On Memorizing Mozart’s Requiem

I have a feeling that I don’t write often about conducting, but since I recently delivered some conducting performances that I was vaguely satisfied with, I’ll expound a bit:

For one thing, it’s always great to conduct from memory. It’s hard and it takes long hours to imbibe the score to the point where you can ethically ditch the music, but I like it for a number of reasons: 1) it allows you to be more connected and attentive to the performers, 2) it forces you to learn the music to your maximum capacity and 3) it’s fun.

[I have a secret fourth reason for memorizing masterpieces: since my goal as a composer is to write masterpieces, it’s the best way to learn my craft.]

Memorizing choral-orchestral works is particularly challenging, and this is only the third time I’ve done it with a major, multi-movement work. The first time was with Vaughan Williams’ Dona nobis pacem, a piece I did not choose to conduct, nor would I ever, because I don’t particularly care for it*. But I learned it unto memorization because a) I wanted to give the piece the benefit of the doubt and b) I was doing it with young musicians and I wanted to be able to give them my full attention. The next time I did it was with the Beethoven’s “Ode to Joy”.

Learning the Dona nobis pacem was particularly challenging because I don’t much care for Whitman, and make no mistake: if you conduct a vocal work from memory, you’d better start by learning every last word of the text.

With the Mozart Requiem, lots of the text was straightforward, because it’s part of the regular mass: Kyrie eleison, Sanctus sanctus, sanctus Benedictus qui venit in nomine domini, Agnus dei, etc. But the weird thing about the requiem is the “Dies irae.“

The “Dies irae” is a genuinely weird text. It’s what’s known as a “sequence,” which is a genre that essentially grew out of vamping. (“Vamping” as in stretching a musical phrase to cover stage action, not as in Hard-hearted Hannah.) Sometime around the 12th century, some person or person wrote this spooky-ooky 18-stanza poem all about hellfire and damnation, and the church elders were like, “hmm the mass for the dead needs some spicing up… let’s go with it!”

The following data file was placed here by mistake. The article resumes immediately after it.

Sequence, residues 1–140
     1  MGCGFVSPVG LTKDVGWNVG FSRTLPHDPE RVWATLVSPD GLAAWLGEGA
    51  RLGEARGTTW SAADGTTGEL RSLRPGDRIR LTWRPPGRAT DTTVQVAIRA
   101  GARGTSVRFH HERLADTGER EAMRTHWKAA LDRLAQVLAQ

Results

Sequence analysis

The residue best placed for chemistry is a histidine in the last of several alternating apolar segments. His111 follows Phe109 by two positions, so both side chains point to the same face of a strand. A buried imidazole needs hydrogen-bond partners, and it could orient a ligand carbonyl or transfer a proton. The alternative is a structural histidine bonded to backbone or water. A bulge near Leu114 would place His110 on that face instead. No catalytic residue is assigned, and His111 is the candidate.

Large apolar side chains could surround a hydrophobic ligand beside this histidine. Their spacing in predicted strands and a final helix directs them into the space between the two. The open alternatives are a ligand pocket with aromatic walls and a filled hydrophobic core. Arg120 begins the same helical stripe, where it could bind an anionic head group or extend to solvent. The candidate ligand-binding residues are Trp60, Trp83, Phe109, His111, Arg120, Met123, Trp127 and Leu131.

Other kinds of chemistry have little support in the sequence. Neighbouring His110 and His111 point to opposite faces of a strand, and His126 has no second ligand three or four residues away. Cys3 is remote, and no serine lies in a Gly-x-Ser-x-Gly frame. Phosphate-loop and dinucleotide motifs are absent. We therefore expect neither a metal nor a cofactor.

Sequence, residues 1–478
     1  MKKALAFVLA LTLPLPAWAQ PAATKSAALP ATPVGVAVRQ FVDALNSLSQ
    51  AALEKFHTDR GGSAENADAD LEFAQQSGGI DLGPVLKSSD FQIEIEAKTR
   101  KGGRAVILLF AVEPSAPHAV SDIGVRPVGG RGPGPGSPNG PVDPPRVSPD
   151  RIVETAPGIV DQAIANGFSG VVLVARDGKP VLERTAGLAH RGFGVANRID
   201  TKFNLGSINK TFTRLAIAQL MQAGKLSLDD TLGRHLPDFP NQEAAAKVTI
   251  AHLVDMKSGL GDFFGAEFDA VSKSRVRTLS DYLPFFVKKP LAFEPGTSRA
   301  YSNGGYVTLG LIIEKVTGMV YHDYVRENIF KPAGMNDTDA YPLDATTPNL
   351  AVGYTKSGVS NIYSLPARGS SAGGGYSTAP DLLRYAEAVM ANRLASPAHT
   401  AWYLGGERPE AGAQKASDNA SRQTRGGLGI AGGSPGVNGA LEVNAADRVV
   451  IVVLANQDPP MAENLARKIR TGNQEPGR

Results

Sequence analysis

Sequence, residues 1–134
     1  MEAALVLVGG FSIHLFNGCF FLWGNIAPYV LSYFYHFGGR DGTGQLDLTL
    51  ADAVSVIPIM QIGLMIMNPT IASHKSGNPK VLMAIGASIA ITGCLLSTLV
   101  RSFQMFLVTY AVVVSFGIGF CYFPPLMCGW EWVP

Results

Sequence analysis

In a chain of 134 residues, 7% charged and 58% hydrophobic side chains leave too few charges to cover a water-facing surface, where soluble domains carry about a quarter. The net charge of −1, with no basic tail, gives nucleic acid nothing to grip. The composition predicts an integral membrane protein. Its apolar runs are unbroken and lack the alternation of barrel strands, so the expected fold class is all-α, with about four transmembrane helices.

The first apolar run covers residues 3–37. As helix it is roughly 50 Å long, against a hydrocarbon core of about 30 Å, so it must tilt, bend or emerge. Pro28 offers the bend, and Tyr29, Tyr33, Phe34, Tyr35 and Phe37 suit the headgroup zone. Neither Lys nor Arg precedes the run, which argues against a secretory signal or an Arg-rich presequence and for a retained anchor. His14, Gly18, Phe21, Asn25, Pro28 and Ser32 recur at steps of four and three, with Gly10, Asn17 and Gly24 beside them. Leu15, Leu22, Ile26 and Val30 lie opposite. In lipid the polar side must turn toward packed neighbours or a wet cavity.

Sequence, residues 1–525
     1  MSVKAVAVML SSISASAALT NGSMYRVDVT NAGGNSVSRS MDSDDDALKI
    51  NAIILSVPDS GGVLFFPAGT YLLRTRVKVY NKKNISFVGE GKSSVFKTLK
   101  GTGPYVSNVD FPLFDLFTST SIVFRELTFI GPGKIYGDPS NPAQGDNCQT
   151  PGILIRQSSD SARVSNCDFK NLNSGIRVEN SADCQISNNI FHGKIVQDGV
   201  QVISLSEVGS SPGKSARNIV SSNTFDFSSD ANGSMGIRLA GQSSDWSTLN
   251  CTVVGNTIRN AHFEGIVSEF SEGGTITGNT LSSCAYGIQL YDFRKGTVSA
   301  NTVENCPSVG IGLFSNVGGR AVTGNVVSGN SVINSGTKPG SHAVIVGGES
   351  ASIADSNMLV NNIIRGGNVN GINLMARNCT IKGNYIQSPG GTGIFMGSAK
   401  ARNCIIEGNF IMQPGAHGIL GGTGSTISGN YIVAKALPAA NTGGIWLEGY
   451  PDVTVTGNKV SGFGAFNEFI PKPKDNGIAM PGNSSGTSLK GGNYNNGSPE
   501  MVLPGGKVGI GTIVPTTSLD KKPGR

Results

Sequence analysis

The “Dies irae” has proven to be catnip for composers, of course, since it’s full of earthquakes, trumpets, infernal flames, tremendous kings, and tearful pleas.

You’d think it would be fun to memorize a text like this, but it’s kind of not, because the order of these various images follows no logical progression. It’s not like you can memorize it a stanza at a time by thinking “ok, first the fires, then the floods, then the king, then the queen of heaven” etc.

But hey, it definitely improved my understanding of the Latin case endings, so that’s a win!

*With each passing year, I become more and more convinced that Herbert Howells was the only truly great 20th century English composer. It’s a shame that nobody knows his music, but if you’ve always sort of liked RVW and Britten but felt that they were lacking something important, you might want to look into his stuff.


I wrote rather extensively about Tár in the Classical Gabfest Newsletter this week. [If you haven’t been paying attention, my beloved podcast, The Classical Gabfest, is sadly on a hiatus that is probably going to be permanent, but never say never. However, it has morphed into The Classical Gabfest newsletter on Substack, so if you’re hankering for a weekly dose of news & opinion about the world of classical music, head on over and subscribe!]

I have still more to say, but first, the trailer:

Things I can identify with about Lydia Tár:

  • She sits in her faux bois-lined childhood basement watching VHS tapes of Leonard Bernstein, crying at his genius. Extremely relatable content.
  • She demands that matcha lattes be delivered at a moment’s notice.
  • She unthinkingly and illogically switches between languages while running a rehearsal.

The fits

Lydia’s style — and the actual scenes of bespoke tailoring — are one of the true highlights of the movie. Major props to the costume designer, Bina Daigeler, whose other credits include Volver and Todo Sobre Mi Madre!!!

Did I cringe watching Cate Blanchett conduct?

Actually, no. That’s not to say her conducting wasn’t bad — it was terrible. But there wasn’t much of it, and in a way, when she was conducting, it functioned as a bit of comic relief and distracted me from the utter insanity of the rest of the movie.

The REAL cringe moment was the scene wherein Lydia addresses her orchestra and proposes that they pair Mahler’s 5th with Elgar’s cello concerto. It would actually be a bit of a spoiler to explain the circumstances surrounding this, but suffice to say, nothing in the real world works this way, and I was chewing my knuckles in discomfort.

Other things that don’t make sense

In a pivotal early scene, Tár criticizes a Juilliard conducting student in the context of a masterclass for conducting a work by an Icelandic composer (Hildur Guðnadóttir, the actual composer of the score) for a small, 7 or 8-instrument new music ensemble. And here she was right — it did suck — but then she asks him why he didn’t choose Bach’s Mass in B minor.